Last Updated on September 22, 2020
When it comes to desert plants, cactus is the king. This is unsurprising since cacti are known to survive – even thrive – in extremely hot and dry habitats. In fact, the majority of cacti are native to dry regions and deserts – particularly in South and North America.
Here are some fun tidbits you need to know about these spiny, bulbous green plants:
Generally, a cactus lives in extremely dry habitats, but few thrive in rainforests and on mountain tops.
There are about 1,800 species of cacti today. For the most part, each species fall under one of the two main cacti groups: opuntias and cactoids.
Cacti come in different sizes and shapes. Some are thin and tall while others are round and short. The shortest cactus only grows about a couple of centimeters high while the tallest one can grow up to 20m. But regardless of their size and shape, all cacti are covered with sharp spines.
There is an edible cactus. It’s called nopales or prickly pear cactus. It’s a vegetable that is quite popular in Mexico, parts of Europe, the Middle East, India, Australia and North Africa. The Nopales has fleshy oval leaves. When cooked, it has a soft yet crunchy texture. Taste-wise, it’s like a tart green pepper.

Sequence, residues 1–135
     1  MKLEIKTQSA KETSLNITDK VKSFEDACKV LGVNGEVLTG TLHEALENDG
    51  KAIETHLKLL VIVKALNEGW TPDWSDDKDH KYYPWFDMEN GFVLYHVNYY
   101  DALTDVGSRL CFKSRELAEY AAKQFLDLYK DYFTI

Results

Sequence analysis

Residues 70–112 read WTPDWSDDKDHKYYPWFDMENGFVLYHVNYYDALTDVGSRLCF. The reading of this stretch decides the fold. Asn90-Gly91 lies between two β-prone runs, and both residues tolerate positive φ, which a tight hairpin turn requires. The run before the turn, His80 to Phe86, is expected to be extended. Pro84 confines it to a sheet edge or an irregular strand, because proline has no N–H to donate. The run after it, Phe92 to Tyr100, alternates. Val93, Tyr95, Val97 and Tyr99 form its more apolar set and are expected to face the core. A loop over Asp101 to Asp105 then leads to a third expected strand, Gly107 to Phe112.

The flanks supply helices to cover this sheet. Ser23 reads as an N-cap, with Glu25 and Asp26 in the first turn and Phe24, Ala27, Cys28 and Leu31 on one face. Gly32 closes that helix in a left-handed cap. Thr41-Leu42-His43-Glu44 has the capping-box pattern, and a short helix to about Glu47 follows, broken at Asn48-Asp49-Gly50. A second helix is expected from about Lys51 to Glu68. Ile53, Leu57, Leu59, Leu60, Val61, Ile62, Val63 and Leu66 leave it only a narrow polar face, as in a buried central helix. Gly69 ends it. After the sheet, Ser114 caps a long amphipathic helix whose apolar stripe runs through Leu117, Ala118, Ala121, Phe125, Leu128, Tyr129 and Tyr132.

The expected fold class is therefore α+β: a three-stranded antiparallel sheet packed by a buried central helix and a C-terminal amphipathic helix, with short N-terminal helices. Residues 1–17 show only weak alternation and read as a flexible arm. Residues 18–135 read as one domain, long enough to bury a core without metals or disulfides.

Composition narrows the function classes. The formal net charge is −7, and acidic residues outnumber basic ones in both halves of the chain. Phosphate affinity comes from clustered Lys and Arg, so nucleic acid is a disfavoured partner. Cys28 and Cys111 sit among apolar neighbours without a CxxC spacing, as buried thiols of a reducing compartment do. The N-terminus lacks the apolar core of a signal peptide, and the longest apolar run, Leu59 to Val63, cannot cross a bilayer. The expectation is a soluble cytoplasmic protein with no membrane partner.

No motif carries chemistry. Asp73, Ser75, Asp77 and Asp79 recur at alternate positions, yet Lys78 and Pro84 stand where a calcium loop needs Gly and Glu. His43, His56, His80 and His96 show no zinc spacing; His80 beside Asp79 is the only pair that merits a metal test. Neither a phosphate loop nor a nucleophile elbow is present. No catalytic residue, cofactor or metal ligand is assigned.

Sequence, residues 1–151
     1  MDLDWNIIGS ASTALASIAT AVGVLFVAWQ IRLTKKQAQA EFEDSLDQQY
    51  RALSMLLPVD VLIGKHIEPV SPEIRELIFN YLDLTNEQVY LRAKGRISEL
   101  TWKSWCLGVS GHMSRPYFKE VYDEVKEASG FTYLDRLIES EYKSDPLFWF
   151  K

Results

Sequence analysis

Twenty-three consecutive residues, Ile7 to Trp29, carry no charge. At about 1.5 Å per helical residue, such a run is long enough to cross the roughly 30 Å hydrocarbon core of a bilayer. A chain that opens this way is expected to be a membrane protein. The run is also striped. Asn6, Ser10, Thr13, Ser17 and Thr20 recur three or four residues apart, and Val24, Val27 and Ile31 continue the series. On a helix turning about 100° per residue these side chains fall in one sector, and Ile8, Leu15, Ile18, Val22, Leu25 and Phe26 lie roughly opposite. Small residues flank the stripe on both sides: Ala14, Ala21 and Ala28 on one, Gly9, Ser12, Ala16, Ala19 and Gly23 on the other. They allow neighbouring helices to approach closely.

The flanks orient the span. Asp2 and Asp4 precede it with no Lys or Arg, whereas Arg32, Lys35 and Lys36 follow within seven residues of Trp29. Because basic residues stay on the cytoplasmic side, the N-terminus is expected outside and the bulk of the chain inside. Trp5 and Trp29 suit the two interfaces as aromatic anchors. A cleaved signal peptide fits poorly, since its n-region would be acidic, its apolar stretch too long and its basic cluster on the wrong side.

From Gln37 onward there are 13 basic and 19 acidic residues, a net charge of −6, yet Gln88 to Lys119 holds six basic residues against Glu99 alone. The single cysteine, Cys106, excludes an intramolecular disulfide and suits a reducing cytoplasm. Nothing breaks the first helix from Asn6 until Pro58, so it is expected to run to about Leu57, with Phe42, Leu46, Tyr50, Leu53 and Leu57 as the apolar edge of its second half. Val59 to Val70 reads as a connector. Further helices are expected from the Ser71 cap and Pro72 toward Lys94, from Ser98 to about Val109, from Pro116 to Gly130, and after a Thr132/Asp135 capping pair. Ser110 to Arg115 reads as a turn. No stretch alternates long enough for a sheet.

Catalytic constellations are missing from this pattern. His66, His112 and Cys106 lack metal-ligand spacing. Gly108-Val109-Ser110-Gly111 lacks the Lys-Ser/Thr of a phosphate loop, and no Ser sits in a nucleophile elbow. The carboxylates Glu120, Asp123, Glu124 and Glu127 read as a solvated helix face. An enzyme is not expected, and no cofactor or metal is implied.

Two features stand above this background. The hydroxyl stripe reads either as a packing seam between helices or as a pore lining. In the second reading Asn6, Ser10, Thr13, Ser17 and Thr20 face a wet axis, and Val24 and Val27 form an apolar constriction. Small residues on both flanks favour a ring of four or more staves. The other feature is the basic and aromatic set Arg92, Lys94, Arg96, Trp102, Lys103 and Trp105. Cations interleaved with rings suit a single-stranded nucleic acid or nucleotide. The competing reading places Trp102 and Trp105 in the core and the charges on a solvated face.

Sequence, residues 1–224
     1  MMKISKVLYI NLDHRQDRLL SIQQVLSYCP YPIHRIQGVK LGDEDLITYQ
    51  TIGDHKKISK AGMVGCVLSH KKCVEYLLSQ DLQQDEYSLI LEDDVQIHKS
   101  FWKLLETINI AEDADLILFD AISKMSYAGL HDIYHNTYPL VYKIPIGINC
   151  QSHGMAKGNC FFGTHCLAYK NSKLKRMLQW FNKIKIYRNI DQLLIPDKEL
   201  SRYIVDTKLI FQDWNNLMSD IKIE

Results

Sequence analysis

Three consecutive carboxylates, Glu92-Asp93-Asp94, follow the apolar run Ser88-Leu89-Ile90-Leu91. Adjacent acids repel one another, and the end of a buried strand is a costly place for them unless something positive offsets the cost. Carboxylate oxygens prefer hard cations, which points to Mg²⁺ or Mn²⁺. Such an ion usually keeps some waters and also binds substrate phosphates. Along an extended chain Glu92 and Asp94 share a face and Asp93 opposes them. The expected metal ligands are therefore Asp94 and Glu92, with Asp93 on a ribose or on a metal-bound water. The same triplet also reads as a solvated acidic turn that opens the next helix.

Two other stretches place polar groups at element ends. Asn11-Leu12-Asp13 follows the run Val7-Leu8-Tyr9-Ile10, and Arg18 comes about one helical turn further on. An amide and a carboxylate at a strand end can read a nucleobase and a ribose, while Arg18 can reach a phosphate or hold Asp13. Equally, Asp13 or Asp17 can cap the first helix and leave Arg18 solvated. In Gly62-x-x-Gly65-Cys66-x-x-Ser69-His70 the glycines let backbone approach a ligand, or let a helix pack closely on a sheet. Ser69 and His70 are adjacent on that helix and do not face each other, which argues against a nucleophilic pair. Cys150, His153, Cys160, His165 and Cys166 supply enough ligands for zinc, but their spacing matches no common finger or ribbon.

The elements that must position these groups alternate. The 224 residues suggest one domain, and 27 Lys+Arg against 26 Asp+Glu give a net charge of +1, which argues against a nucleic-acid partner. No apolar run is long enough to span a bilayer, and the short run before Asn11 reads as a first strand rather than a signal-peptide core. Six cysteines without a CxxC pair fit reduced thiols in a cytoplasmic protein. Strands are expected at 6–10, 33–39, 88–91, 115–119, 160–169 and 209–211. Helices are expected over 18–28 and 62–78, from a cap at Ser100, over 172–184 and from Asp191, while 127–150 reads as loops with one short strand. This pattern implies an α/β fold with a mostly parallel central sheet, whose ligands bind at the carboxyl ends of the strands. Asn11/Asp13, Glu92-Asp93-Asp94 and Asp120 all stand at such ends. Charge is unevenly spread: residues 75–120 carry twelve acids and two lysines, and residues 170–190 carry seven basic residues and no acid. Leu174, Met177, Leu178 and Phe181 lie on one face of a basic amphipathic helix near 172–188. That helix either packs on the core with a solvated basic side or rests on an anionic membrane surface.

Cacti can hold tons of water in their stems. Although the water is not pure and clear, it’s still safe for drinking.
Cacti have seasons of excessive growth and periods of dormancy. During the blossoming season, they require direct sunlight, humidity, and high temperature. The sunlight results to the plant’s rapid growth. The spines turn longer and brighter, too. During the dormant period, cacti are kept in a cool area with reduced humidity. There’s also no need for direct sunlight.
It’s possible – and quite easy – to transplant a cactus. But, it must be in March. To transplant, use a small pot filled with a mixture of garden soil, leaf litter, sand, vegetal coal and broken bricks.
Wild cacti are now under threat from illegal collectors, animal grazing, and building developments. The international export of cacti is only possible if the Convention on International Trade in Endangered Species of Wild Fauna and Flora (CITES) provides a permit. Some cactus species are under the restrictive endangered category. They are only exported for scientific purposes.
You can marvel at the beauty of cacti without getting into legal troubles or enduring desert weather. All you need to do is download this pack of cactus photos and you’re good to go.